can  not	always be correctly unpacked.  This is really a	problem	in the
       archives	and not	in the current version of afio.	 The risk of incorrect
       unpacking  will	be greater if the number of files or hard links	in the
       archives	is larger.  3) In a selective restore, if the selection	predi-
       cates do	not select the first copy of a file with archive-internal hard
       links, then all subsequent copies, if selected, will not	 be  correctly
       restored.   4) Unless the -4 option is used, the	inode number fields in
       the archive headers for files with hard links of	the archive will some-
       times  not  contain the actual (least significant 16 bits of) the inode
       number of the original file.

       Some Linux kernels no not allow one to create a hard link to a symbolic
       link.  afio will	try to re-create such hard links when unpacking	an ar-
       chive, but might	fail due to kernel restrictions.

       Due to internal limitations of afio, the	use of the  -U	option	forces
       the  writing  of	 file  content with each hard linked file, rather than
       only once for every set of hard linked files.

       When it is run without super-user priviliges, afio is not able  to  un-
       pack  a	file  into  a directory	for which it has no write permissions,
       even if it just created that directory itself.  This can	be  a  problem
       when trying to restore directory	structures created by some source code
       control tools like RCS.

       When block or character device files are	packed into an archive on  one
       operating system	(e.g. Linux) and unpacked on another operating system,
       which uses different sizes for the major	and minor device  number  data
       types  (e.g.  Solaris), the major and minor numbers of the device files
       will not	be restored correctly.	This can be a problem if the operating
       systems	share  a  cross-mounted	 filesystem.   A  workaround is	to use
       tar(1) for the device files.

       Create an archive with compressed files:
       find .... | afio	-o -v -Z /dev/fd0H1440

       Install (unpack)	an archive with	compressed files:
       afio -i -v -Z achive

       Install (unpack)	an archive with	compressed files, protecting newer ex-
       isting files:
       afio -i -v -Z -n	achive

       Create an archive with compressed files on floppy disks:
       find .... | afio	-o -v -s 1440k -F -Z /dev/fd0H1440

       Create an archive with all file contents	encrypted by pgp:
       export PGPPASSFD=3
       find  ....  |  afio -ovz	-Z -U -P pgp -Q	-fc -Q +verbose=0 -3 3 archive

       Create an archive on recordable CDs using the cdrecord utility to write
       each CD:
       find .... | afio	-o -b 2048 -s325000x -v	'!cdrecord ....	-'

       Extract a single	named file from	an archive on /dev/tape:
       afio -i -v -Z -y	/home/me/thedir/thefile	/dev/tape
       (If  these do not exist yet, afio will also create the enclosing	direc-
       tories home/me/myfiledir	under current working directory.)

       Extract files matching a	pattern	from an	archive	on /dev/tape:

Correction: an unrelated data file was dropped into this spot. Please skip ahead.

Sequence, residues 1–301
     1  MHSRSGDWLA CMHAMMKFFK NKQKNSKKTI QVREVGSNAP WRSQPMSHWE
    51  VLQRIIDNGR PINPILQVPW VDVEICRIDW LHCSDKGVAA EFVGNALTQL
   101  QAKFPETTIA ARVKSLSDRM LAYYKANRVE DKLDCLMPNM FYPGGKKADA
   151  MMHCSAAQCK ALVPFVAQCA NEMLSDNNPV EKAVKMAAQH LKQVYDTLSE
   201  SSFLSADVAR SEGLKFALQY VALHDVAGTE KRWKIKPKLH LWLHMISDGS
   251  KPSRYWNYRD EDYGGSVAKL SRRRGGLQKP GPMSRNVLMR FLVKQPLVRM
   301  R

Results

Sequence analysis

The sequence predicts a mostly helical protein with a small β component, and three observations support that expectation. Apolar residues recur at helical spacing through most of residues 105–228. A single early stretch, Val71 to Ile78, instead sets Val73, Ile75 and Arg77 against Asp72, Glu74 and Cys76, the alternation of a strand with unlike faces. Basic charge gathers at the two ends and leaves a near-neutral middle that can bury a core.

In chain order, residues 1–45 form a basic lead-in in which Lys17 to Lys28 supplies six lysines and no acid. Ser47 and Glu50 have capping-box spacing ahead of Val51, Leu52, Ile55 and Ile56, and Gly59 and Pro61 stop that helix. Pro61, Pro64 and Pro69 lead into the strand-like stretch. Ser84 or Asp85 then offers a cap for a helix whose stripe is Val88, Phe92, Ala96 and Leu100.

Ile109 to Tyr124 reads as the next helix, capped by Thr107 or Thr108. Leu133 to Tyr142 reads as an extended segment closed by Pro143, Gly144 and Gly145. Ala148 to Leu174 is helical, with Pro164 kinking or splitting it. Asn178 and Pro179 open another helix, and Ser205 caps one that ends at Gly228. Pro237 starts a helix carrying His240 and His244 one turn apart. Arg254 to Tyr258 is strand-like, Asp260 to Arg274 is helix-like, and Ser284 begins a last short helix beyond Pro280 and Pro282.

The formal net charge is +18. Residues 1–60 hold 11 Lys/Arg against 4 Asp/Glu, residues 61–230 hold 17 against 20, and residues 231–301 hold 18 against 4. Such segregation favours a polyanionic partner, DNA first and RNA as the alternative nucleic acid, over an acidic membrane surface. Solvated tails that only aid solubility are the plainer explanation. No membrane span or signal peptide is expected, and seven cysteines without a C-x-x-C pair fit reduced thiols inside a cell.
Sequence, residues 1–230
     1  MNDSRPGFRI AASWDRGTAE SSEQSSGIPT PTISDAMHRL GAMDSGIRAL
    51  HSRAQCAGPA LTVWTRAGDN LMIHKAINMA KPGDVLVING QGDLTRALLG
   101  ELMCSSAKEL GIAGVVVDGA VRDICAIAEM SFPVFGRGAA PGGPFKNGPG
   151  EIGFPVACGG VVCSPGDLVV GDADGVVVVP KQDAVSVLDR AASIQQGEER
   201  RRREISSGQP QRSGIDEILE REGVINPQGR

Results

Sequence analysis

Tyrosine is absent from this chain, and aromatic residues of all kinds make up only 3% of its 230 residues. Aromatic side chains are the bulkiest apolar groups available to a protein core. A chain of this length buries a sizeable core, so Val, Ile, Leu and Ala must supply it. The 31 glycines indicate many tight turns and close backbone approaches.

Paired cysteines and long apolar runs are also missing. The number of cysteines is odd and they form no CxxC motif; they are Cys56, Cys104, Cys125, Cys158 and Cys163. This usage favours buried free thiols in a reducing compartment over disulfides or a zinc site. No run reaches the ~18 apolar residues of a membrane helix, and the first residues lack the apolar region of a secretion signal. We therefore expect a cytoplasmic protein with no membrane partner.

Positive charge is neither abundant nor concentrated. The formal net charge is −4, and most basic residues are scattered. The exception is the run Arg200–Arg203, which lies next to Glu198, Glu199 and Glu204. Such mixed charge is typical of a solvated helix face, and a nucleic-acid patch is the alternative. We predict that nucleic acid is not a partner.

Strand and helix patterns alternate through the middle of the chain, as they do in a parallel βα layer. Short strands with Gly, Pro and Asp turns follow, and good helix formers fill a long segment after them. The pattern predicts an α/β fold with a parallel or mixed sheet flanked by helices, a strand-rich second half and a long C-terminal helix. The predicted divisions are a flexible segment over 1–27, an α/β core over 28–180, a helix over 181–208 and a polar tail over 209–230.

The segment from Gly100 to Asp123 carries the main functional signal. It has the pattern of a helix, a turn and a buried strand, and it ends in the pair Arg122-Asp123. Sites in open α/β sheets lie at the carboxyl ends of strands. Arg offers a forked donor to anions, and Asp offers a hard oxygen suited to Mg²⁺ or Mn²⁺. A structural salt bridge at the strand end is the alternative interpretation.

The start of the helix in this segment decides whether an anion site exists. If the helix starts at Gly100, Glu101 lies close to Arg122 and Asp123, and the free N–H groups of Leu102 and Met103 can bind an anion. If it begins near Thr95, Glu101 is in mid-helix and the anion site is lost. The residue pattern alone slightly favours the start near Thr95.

afio -i -v -Z -y	'/home/me/*' /dev/tape
       (If these do not	exist yet, afio	will also create the enclosing	direc-
       tories home/me under current working directory.)

       If your filesystem cannot handle	files larger than 2GB, but you want to
       make an archive on that filesystem that is larger than 2GB, you use the
       following trick to split	the archive into multiple files	of each	1 GB:
       find /home | afio -o ...	- | split -b1024m - archive.
       the  files will be called archive.aa, archive.ab, etc.  You can restore
       the whole archive using:
       cat archive.* | afio -i ... -
       The wildcard expansion by the shell will	ensure that cat	will read  the
       parts in	the right (alphabetic) order.

       cpio(1),	find(1), tar(1), compress(1), gzip(1).

       There  is  no  official	web site for afio.  However, the current main-
       tainer does post	information on alpha, beta, and	production releases at
       Production  releases  are announced on the comp.os.linux.announce news-
       The current maintainer also tries to make sure that the latest  produc-
       tion release is at the FTP site /pub/Linux/system/backup
       (This FTP information is	correct	until they rename the site or directo-
       ries again.)
       The Debian project maintains a binary distribution package of afio, see
       Bug  reporting on the Debian package can	be done	to the Debian project,
       bugs with a scope beyond	Debian will usually  also  reach  the  current
       afio maintainer mentioned below.
       For  general  bug reporting, patches, suggestions and status inquiries,
       please e-mail the current afio maintainer.  Though the maintenance  and
       distribution  effort of afio is Linux-centered, correspondence with re-
       spect to	the use	of afio	on other operating systems is also welcome.
       When mailing the	maintainer, please use the word	 `afio'	 somewhere  in
       the  subject line, this lowers the chance that your mail	will get acci-
       dentally	deleted. The current maintainer	e-mail address is:
       (alternative e-mail if that does	not work:

       Mark Brukhartz ..!ihnp4!laidbak!mdb
       Jeff Buhrt uunet!sawmill!prslnk!buhrt
       Dave Gymer
       Andrew Stevens
       Koen Holtman (current maintainer)
       Anders Baekgaard
       Too many	other people to	list  here  have  contributed  code,  patches,
       ideas,  and  bug	 reports.   Many of these are mentioned	in the HISTORY
       file that is included with the sources.